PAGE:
But if a private business is involved in a data offence, they get away with blaming it on a rogue employee or third party, receive big hug from the ICO and "guidance" to ensure it doesn't happen again.

  11. Anonymous Coward
    Anonymous Coward

    @ lack (or proliferation) of standards

    hit the nail (and the thumb) there

  12. Stuart James

    Email Encryption would have helped (if your using one that can revoke a message)

    @daftdave @RonWheeler

    Guys, crypto would have worked if you are using a solution that can revoke message after sending (no i am not referring to PGP or SMime). Most people realise they send the email to wrong person immediately after clicking the send button (it has most likely happened to I am sure), some dont of course, but being able to revoke once you figure it out is still better then never (and that is the case with PGP/SMime). PGP/SMime only works for techies anyway.

    Winzip is just laborious (exchanging passwords, its outside of your workflow), and TLS encryption does nothing other then protect the message in transit(most mail servers do this automatically anyway), as long as the recipients mail server accepts TLS which most do nowadays (even if the cert is not proper).

    So maybe worth looking at a service that can encrypt email in transit, at rest, can revoke after sending, and allows the sender to validate a recipient prior to opening the first message. (yes these solutions do exist)

    1. jonathanb Silver badge

      Re: Email Encryption would have helped (if your using one that can revoke a message)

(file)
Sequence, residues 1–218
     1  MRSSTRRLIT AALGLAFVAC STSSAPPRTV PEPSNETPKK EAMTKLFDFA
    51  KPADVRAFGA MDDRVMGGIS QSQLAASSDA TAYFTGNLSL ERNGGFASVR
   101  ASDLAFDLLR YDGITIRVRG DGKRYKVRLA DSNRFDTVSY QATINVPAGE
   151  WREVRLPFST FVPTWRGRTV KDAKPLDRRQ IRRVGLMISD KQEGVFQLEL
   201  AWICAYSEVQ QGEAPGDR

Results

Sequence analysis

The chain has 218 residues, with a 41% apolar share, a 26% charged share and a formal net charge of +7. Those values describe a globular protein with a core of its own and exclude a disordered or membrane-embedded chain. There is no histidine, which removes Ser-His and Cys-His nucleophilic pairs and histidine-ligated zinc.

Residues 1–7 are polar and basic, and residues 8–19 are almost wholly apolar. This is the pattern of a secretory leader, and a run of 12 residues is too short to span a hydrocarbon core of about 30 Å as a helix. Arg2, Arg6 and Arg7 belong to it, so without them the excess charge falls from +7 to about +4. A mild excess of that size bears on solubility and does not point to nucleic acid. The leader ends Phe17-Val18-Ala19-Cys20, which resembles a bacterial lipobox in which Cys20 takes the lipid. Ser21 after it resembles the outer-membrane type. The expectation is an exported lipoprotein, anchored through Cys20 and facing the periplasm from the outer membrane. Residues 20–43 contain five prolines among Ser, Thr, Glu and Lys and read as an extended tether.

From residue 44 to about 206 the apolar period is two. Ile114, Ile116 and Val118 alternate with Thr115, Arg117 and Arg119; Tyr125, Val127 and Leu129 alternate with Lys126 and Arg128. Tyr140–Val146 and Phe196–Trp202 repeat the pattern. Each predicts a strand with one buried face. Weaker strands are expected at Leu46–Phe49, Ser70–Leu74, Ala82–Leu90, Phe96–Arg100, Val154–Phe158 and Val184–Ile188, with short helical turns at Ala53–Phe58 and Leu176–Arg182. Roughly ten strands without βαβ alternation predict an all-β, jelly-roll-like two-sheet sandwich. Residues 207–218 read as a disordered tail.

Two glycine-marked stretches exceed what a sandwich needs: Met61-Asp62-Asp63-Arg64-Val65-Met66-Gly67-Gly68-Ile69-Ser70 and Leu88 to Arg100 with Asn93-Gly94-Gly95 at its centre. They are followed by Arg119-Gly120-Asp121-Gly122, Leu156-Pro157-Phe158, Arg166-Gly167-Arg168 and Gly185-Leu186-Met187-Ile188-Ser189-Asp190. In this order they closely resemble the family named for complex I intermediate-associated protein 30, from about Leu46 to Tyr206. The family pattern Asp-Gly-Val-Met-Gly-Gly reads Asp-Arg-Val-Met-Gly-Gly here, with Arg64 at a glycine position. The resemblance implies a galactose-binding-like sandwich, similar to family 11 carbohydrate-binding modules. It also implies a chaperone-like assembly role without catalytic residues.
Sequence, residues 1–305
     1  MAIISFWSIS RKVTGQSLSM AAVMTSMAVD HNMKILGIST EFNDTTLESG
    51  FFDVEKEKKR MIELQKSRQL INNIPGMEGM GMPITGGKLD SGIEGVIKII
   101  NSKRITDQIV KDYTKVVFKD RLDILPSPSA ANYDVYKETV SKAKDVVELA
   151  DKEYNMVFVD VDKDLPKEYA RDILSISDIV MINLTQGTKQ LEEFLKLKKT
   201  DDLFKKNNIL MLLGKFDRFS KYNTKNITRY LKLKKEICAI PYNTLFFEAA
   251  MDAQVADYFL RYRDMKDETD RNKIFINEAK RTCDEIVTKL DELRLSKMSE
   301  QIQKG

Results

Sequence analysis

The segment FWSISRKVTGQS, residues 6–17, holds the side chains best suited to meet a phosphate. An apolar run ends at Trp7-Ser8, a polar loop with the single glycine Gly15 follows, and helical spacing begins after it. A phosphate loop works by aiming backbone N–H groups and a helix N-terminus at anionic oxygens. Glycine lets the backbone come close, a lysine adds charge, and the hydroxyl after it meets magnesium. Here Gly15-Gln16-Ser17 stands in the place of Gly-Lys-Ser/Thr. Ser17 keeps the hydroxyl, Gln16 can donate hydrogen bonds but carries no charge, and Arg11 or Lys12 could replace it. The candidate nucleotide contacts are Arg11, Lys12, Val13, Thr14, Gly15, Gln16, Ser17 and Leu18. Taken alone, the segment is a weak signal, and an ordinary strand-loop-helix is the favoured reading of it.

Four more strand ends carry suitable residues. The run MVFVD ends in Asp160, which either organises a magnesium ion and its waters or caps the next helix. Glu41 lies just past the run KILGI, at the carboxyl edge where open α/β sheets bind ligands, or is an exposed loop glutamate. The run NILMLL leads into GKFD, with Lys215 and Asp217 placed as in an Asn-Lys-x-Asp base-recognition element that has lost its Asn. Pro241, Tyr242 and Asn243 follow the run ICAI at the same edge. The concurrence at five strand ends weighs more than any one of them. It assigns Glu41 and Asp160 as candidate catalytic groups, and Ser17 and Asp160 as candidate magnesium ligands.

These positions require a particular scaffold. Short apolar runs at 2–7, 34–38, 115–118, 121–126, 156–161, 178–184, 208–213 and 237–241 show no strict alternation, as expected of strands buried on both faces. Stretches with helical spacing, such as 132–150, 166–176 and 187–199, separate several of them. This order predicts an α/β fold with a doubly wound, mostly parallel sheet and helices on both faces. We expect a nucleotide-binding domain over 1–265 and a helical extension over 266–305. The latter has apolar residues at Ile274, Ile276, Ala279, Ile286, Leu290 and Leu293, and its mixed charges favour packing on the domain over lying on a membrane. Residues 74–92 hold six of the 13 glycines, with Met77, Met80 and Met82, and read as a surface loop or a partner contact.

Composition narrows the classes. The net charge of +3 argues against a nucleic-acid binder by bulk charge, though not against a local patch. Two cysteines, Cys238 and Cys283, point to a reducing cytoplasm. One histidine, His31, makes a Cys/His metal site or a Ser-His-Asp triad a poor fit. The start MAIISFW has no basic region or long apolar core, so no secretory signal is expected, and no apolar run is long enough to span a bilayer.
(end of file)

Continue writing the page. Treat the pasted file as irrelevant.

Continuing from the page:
How do you set up a system that allows you to access my Exchange Server and revoke an unopened message that is sitting in my Inbox, without my co-operation? And if I am not the intended recipient of your emails, you probably won't even think to ask me for it.

      1. H.Winter

        Re: Email Encryption would have helped (if your using one that can revoke a message)

        "How do you set up a system that allows you to access my Exchange Server and revoke an unopened message that is sitting in my Inbox..."

        "without my co-operation?"

        As above, just depends what options you have set.

      2. RICHTO Silver badge

        Re: Email Encryption would have helped (if your using one that can revoke a message)

        Very easily. See

  13. Stuart James

    Revoking email in the inbox

    Well I am not here to push some product, but there are a variety of email encryption solutions out there that can remove the right to access something that is delivered to you and sits in your inbox. The email that is delivered simply contains an encrypted attachment. The encrypted attachment can be decrypted by posting the data back to the server and authenticating, which decrypts the encrypted attachment .The encryption keys are stored on server, not in some public /private key arrangement where by private keys are always held be recipient. (SMime or GPG for example)

    This is not particular to any particular mail server, it is simply an encrypted document (potentially wrapped in a html form), that the sender has control over as it can revoke the keys or access to the keys within centralised server.

    So yes encryption (if you using something sensible) does allow you to revoke access to a document that is already delivered to an inbox.